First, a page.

As leaves start expanding in spring around mid-May (300-350 GDD50F), the ACGW larvae begin to feed. Their feeding causes the plant to form small galls, 1/4 to 3/4 inch (5-20 mm) in diameter, on current-year shoots and leaves. Larvae feed and develop in chambers inside the galls throughout the summer. Each chamber contains a single larva. Most galls contain one or two chambers, but up to 20 chambers may be present in a large gall. Larvae feed for approximately four weeks, then pupate. The new generation of adult wasps begins to emerge in late June, just after trees drop their catkins. Adults continue to emerge and lay eggs for about six weeks.
Damage Caused by ACGW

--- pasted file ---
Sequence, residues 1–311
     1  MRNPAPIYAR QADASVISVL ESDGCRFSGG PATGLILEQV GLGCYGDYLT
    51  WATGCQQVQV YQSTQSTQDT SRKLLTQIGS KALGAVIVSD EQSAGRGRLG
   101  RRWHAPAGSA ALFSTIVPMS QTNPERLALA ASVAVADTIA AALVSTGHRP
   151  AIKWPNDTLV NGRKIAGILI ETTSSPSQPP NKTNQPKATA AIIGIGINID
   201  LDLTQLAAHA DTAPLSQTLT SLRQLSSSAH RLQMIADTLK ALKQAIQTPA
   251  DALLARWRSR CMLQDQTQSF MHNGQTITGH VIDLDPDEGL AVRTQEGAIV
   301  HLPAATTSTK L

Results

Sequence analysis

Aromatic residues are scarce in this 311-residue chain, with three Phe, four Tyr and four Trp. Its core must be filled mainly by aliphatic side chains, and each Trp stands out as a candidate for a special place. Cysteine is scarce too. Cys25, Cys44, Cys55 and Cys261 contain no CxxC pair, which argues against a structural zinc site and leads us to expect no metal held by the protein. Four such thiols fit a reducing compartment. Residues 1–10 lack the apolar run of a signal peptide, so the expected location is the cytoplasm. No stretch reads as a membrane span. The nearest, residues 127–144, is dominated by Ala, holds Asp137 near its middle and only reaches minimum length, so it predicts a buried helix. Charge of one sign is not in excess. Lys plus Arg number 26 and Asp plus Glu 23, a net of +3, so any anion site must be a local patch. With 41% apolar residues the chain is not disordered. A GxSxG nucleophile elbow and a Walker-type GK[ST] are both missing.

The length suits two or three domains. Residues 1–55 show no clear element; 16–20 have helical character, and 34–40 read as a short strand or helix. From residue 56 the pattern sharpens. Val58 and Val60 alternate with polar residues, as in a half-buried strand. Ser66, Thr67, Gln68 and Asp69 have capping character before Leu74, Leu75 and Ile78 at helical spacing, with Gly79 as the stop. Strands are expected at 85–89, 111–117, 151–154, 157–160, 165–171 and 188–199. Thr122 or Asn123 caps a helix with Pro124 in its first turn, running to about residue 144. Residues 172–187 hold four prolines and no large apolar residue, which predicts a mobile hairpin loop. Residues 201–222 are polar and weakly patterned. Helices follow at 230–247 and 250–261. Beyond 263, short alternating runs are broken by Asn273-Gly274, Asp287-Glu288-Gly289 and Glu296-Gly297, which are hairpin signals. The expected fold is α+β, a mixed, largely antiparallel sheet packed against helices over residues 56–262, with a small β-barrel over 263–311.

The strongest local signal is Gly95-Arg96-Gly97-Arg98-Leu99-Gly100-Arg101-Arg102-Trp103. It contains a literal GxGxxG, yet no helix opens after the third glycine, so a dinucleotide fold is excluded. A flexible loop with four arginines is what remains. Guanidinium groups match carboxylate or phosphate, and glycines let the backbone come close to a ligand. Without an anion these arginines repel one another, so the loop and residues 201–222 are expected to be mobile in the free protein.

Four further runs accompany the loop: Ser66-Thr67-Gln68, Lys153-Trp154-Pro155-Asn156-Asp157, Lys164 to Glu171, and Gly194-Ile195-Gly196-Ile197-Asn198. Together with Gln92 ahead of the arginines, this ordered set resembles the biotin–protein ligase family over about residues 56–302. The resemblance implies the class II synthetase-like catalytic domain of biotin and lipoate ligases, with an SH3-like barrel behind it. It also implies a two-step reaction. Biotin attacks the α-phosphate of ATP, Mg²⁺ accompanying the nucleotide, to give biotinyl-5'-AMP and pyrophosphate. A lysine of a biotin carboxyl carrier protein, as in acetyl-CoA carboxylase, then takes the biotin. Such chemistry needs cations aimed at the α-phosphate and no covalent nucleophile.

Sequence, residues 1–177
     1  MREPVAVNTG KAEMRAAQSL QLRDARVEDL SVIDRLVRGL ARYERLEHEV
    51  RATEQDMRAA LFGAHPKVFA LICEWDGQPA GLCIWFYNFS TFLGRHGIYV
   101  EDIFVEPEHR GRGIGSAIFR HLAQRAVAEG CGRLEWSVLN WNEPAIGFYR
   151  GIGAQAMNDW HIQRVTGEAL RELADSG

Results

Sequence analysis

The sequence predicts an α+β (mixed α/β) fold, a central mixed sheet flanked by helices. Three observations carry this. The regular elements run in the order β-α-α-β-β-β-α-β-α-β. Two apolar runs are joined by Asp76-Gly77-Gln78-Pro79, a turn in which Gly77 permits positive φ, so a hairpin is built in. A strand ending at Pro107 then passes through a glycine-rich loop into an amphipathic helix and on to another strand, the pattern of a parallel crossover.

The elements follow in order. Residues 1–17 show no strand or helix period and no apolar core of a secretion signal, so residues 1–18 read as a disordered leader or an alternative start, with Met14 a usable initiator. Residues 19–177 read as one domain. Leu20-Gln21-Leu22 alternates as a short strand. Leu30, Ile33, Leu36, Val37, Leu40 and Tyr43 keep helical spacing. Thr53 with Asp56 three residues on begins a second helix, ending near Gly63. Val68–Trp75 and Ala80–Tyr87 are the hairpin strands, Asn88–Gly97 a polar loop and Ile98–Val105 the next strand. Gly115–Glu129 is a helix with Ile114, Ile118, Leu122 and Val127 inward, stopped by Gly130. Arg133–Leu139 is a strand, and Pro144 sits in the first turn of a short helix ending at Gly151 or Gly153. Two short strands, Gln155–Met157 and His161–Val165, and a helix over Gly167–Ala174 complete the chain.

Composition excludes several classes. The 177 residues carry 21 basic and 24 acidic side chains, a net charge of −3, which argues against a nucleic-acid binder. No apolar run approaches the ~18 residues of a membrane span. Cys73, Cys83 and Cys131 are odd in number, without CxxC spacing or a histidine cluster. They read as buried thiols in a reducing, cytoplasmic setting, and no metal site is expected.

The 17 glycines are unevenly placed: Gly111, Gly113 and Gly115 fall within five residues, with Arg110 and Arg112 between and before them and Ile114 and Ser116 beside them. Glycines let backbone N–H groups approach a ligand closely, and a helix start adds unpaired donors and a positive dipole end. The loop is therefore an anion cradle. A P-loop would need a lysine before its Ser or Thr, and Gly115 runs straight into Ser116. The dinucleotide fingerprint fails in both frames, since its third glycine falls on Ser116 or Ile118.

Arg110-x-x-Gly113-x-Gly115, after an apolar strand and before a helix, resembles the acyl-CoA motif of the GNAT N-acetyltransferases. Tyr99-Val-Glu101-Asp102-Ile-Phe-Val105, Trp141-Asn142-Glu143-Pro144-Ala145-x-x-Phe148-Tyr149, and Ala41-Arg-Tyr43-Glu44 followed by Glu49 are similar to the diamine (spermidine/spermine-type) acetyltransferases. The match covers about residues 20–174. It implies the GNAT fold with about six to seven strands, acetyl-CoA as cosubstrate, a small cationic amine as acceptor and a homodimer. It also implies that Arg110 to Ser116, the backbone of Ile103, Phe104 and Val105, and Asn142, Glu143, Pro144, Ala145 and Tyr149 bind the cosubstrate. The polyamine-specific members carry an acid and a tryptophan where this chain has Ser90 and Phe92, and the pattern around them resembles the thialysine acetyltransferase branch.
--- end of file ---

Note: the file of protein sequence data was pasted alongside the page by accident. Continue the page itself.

While leaf galls usually have little impact, galls that form on current-year shoots can affect vigor and nut production of chestnut trees. Apical galls that form at the tip of shoots may be especially damaging. They reduce shoot elongation and can inhibit flower production, which reduces nut formation. Chestnut producers in Japan, Korea, several European countries and even some U.S. states, have reported yield reductions following ACGW invasion. Branch dieback has been observed in China, Japan, Korea, Italy and the U.S. when ACGW densities were high.
An array of methods to control ACGW have been employed by commercial chestnut growers, with varying levels of success. Integrating strategies for managing ACGW should prevent yield loss while minimizing unnecessary pest control costs and impacts on beneficial insects such as pollinators and natural enemies.